A Thurston couple who used IVF to get pregnant with their son have spoken out about their experience ahead of National Fertility Week, which starts on Monday.
Childhood sweethearts Hannah and Chris Deacon thought getting pregnant would be easy but after several years of trying they went to their GP who referred them for hospital tests.
Hannah was diagnosed with Polycystic Ovary Syndrome, a common condition that can impact fertility, and was dealt a further blow when tests uncovered that Chris had a low sperm count caused by a childhood condition.
“We had to do some battling as all of the proposed treatments seemed to focus on me rather than Chris but then a different hospital consultant looked at both our histories and took five seconds to decide we needed IVF – it was the best day of my life,” said Hannah.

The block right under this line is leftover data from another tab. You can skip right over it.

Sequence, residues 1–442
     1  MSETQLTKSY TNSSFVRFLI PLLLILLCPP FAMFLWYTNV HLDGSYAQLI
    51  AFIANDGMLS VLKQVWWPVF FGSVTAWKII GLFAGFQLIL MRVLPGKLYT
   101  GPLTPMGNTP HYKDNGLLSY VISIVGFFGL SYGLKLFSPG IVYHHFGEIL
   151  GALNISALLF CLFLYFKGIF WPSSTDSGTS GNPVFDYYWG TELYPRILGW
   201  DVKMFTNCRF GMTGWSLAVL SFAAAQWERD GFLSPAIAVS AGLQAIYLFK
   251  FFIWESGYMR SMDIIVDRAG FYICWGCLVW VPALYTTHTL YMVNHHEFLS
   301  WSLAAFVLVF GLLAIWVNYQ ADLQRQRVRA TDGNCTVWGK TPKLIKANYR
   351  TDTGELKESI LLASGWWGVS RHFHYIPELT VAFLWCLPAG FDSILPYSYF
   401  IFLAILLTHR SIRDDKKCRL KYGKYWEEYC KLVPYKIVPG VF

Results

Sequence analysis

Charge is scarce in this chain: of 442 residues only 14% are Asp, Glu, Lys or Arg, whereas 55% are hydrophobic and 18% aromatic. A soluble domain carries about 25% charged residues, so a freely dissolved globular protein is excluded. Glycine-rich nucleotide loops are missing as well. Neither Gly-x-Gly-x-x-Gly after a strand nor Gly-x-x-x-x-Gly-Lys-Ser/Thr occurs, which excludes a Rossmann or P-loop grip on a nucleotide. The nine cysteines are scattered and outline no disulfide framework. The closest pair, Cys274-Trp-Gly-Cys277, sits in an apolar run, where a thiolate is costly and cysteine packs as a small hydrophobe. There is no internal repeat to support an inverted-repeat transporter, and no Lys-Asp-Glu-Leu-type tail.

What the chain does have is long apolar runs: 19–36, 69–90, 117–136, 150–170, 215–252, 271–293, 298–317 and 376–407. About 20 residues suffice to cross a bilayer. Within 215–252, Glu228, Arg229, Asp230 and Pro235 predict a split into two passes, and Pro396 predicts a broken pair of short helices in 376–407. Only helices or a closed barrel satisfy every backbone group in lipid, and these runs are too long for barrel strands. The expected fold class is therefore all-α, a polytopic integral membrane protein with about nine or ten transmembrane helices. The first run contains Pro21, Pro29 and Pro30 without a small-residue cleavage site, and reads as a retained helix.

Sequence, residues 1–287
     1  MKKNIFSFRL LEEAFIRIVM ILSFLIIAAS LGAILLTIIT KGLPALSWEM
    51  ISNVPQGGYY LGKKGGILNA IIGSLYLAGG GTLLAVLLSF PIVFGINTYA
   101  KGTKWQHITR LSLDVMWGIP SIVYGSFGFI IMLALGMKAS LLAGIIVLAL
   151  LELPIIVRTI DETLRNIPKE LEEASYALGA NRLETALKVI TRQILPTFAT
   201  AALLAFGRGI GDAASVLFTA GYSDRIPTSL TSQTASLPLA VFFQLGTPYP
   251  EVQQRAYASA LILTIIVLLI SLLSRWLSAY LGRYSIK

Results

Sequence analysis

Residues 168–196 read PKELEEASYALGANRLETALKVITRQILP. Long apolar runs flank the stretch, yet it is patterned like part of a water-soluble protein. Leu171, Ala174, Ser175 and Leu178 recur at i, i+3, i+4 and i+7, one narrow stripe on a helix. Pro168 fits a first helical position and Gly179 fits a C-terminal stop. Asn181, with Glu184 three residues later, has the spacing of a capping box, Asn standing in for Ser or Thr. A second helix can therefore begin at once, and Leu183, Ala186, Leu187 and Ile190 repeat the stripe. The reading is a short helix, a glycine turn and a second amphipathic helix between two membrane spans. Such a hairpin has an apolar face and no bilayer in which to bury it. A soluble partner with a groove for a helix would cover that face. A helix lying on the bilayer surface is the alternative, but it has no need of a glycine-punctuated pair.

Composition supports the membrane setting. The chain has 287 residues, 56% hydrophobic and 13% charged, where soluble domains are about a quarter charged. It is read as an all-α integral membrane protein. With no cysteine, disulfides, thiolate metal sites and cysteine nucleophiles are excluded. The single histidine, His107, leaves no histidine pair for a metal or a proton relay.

The Deacons were referred to the Bourn Hall Clinic in Cambridge where they started treatment in January 2013 using a process which directly injected one of Chris’ sperm into one of Hannah’s mature eggs.
Their first treatment failed but second time around Hannah knew she was pregnant even before taking a test.
“I just knew because I felt different,” she said.
“It was amazing. The only way to describe how I felt is that before I was pregnant I felt broken and that on that day I felt as though a small piece of me was put back together.
“Gradually throughout my pregnancy I was pieced back together and now I am fixed.”
Bourn Hall will be offering medical advice on aspects of fertility and treatment and wellbeing advice from health support groups at its fertility fayre on November 5.
Dr Nikolaos Polydoropoulos, fertility specialist and lead clinician, said: “Eighty per cent of couples will become pregnant within one year, so if you have been trying for longer than this then you should seek advice.”